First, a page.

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Mayor McLean outlines 'strategic priorities' for Boise

Public safety, affordable housing and increasing transportation options are among issues McLean wants to focus on during her administration.
Credit: KTVB file
Cars drive through downtown Boise in Fall 2019.

BOISE, Idaho — Public safety, affordable housing and increasing transportation options are among issues Boise Mayor Lauren McLean has identified as priorities for her administration.

The mayor wrote in a Tuesday statement that her priorities had been set back in January after feedback from Boise residents.

"At that time, our city was at a pivotal moment of growth and it was clear we must take action to protect what we love about our community," she wrote. "Since then our community has experienced unprecedented hardship. Along with the rest of the nation, we have had to address the COVID-19 pandemic and its impacts on our health and economy. The needs of our residents are even more pressing, and this moment requires that we protect what we love about our community – safe, strong neighborhoods, open space and clean water – while protecting the health of our residents and preparing for a strong economic recovery."

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McLean outlined six priorities for Boise as the region continues to battle the coronavirus and work to rebound from the unemployment, business hardships, and financial issues that have accompanied the illness' spread.

The mayor's priorities are listed below:

•    A Safe and Healthy City for Everyone: A safe and healthy city serves and includes everyone. Under the leadership of a new Fire Chief and Police Chief, we'll make sure our policies and practices mirror the needs of our community. We'll work to create public safety agencies made up of individuals committed to serving our community. 

•    A Home for Everyone: Keep our neighborhoods people-scaled and people-friendly, knowing that strong neighborhoods need housing at every price point.  

•    A Clean City for Everyone: Protect our clean air and clean water, improve parks, open spaces and pathways that unite neighborhoods and connect us. Create opportunity through the transition to a clean energy economy.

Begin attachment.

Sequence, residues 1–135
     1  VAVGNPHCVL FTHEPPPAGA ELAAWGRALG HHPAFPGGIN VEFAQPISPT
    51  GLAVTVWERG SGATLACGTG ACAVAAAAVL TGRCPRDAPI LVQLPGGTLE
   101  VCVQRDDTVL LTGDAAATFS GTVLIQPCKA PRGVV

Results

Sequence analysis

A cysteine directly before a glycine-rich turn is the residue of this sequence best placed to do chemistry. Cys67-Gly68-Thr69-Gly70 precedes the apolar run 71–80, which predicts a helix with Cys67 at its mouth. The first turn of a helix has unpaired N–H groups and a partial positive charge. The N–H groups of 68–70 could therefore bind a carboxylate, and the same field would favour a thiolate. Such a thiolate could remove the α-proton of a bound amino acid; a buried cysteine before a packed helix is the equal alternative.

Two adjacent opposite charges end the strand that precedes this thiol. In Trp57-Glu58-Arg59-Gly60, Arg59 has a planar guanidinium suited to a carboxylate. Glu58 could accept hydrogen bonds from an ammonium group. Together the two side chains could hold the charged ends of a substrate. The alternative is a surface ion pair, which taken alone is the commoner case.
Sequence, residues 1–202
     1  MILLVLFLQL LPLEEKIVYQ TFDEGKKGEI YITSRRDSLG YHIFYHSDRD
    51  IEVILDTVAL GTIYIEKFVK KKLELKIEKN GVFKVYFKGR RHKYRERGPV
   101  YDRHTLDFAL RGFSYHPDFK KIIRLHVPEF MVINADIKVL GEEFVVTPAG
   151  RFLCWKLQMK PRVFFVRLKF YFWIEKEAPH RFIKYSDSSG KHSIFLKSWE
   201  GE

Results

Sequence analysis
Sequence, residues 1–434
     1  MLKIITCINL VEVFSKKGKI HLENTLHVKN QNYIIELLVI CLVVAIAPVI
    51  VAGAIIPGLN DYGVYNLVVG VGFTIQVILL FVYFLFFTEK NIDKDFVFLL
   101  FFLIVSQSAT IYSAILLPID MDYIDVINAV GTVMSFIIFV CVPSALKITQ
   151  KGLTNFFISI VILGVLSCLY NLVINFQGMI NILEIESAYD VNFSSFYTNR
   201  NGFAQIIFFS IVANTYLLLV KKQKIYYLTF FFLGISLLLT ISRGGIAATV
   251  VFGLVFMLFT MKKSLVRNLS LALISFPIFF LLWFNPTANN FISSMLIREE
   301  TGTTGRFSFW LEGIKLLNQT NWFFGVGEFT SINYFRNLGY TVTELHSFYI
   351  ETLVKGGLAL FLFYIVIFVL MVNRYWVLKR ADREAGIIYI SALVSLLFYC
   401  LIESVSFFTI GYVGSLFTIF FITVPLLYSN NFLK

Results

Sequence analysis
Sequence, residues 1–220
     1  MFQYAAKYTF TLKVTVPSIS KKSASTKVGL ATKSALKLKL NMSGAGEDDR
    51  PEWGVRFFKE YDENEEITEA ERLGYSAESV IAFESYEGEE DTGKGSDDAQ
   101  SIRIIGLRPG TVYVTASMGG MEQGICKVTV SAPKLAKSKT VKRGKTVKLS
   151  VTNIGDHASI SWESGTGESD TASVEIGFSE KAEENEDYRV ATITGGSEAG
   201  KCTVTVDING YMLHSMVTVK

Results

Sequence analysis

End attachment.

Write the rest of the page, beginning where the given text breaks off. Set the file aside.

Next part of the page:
•    Engaging Everyone: People are key partners in our efforts to create a city for everyone. We will fiercely seek opportunities for collaboration, remain accessible and transparent, and build on our residents' passion for Boise and desire to shape their future.  

•    Opportunity for Everyone: Invest to build an economy that uplifts everybody in our community, with family wage jobs and access to opportunities. Support homegrown innovation and invest in education, housing, transportation, climate innovation, and arts and culture knowing that each of these contribute to a strong, inclusive economy. 

•    Movement for Everyone: Make it easier to bus, bike and walk, because our residents must be able to connect to opportunities when and where they exist. And invest in creative approaches to move our residents from their homes to work and everything in between.

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The city has set goals to meet those priorities including strengthening community policing by providing crisis intervention training to all officers and increasing staffing at Boise Police's Behavioral Health Unit.

Other planned actions include designing and building a new fire station in Northwest Boise by 2022, begining construction of mixed-income housing on city property at Franklin and Orchard, protecting existing affordable housing, creating a database to track tree planting throughout Boise, and developing a daycare solution for city employees.

RELATED: Boise City Council moves ahead with budget with increase to police budget after divided testimony

The full list of goals and suggested actions are listed here.

The mayor's priorities were released a week after the City Council voted to move forward with the 2021 city budget. The budget, which came in as $34 million under the 2020 budget, drew contention from both those who argued that the city's programs for climate action and diversity studies were wasteful spending, as well as those opposed to a $1 million increase to the Boise Police Department budget. 

City Hall was the site of protests from those who believed the police budget should be reallocated to other social services in the wake of the killing of Black men and women by officers elsewhere in the U.S., as well as counterprotests from people who did not want a decrease to police funding. 

The new budget did not include an increase in property taxes for Boise residents. 

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Mayor McLean has been holding monthly listening sessions to answer questions and take feedback from residents. She says she will continue communicating with Boiseans and work to increase transparency from the mayor's office.